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By: Kendall Jones on March 22nd, 2017

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Architecture Billings Index Bounces Back in February

Industry News | Blog Posts

After a slight decline in billings in January, the Architecture Billings Index (ABI) bounced back in February with a score of 50.7, according to the latest report from the American Institute of Architects. The ABI acts as a barometer future nonresidential construction spending and activity. The average lead time is nine months to a year between billings and construction spending. For the ABI, scores above 50 indicate an increase in billings and scores below 50 indicate a decrease.


Coming off a score of 49.5 in January, the slight increase in design activity for February is a welcome sign. The last time the ABI was below 50 was back in September and December posted the highest score for all of 2016.

The new projects inquiry index increased from 60.0 in January to 61.5 in February. The design contracts index, an indicator of future billings, was 54.7 in February, up from 52.1 in January. Both of these should be good signs for the coming months.


While not as strong as last month, three of the four regions remained in positive territory based on the three-month regional averages. The Midwest posted the highest score with a 52.4, the same as in January. The South was at 50.5 after an impressive 54.2 in January. The Northeast was still in positive territory with a 50.0 in February after posting a 53.0 the previous month. The West region continues to struggle, dropping from a 48.8 to a score of 47.5 in February.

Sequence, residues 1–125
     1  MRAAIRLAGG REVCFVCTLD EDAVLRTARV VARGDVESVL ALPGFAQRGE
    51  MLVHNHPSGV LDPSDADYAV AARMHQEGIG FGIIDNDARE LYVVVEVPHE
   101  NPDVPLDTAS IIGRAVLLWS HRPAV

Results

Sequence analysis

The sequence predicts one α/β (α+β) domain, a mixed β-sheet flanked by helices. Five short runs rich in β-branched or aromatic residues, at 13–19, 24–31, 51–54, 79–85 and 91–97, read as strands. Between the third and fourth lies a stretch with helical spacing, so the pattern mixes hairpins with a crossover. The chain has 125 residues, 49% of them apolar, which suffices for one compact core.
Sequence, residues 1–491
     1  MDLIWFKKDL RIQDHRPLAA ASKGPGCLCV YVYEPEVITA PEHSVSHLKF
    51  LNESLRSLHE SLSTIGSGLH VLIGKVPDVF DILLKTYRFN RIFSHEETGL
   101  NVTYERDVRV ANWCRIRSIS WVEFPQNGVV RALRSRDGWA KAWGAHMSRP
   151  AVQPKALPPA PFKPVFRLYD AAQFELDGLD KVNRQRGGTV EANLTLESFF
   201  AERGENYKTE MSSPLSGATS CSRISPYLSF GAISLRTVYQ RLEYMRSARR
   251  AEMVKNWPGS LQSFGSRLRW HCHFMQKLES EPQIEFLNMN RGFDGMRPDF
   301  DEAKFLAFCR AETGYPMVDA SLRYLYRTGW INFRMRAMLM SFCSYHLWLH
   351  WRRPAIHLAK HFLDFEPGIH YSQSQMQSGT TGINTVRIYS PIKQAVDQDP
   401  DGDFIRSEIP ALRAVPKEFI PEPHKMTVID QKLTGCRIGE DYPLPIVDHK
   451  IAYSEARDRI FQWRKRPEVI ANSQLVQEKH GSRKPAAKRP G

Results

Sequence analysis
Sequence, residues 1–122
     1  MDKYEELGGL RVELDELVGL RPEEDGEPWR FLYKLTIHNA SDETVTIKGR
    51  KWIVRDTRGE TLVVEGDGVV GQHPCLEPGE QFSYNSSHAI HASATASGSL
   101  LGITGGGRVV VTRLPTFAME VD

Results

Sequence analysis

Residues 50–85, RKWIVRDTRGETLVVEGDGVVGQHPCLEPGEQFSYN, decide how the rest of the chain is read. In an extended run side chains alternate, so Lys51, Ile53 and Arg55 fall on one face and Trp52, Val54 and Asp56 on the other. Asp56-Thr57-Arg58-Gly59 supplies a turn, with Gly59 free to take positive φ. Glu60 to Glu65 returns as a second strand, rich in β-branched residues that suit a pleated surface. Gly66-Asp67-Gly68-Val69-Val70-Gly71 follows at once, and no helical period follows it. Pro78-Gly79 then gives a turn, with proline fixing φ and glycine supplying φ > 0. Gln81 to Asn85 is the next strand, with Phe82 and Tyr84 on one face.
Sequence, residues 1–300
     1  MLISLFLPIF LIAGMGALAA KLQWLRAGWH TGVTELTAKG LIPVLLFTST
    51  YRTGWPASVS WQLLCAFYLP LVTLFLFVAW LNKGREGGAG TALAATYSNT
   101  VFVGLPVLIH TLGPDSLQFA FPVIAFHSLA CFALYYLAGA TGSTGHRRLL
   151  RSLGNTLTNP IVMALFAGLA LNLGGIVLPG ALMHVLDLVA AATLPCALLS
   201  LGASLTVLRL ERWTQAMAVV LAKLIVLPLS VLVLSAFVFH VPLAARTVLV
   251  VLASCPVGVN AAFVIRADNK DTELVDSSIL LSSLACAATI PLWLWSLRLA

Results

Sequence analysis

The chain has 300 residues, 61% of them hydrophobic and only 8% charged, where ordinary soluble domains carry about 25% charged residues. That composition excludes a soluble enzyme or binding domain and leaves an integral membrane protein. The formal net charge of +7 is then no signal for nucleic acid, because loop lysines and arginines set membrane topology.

Looking at the sector breakdown for February, Institutional with a score of 51.8 was the only area in positive territory for the month. The Institutional sector score for January was 54.6. Commercial/Industrial dropped from 53.4 to 48.9 in February. Mixed Practice and Multi-Family Residential both improved from their 48.1 in January with Multi-Family Residential climbing to 49.3 and Mixed Practice scoring a 49.2.

ConstructConnect's Chief Economist Alex Carrick feels the construction industry is heading in the right direction.

"Employment in construction surged in the first two months of this year. Average weekly and average hourly earnings for onsite work rose by more than +3.0% year over year, which was better than the ‘all jobs’ performance for the economy as a whole," said Carrick. "And the latest national housing starts figures climbed to almost 1.3 million units annualized, near its peak since the Great Recession."

"The ABI results are just the latest in a string of indicators suggesting the U.S. construction sector is enjoying increasingly good health," said Carrick.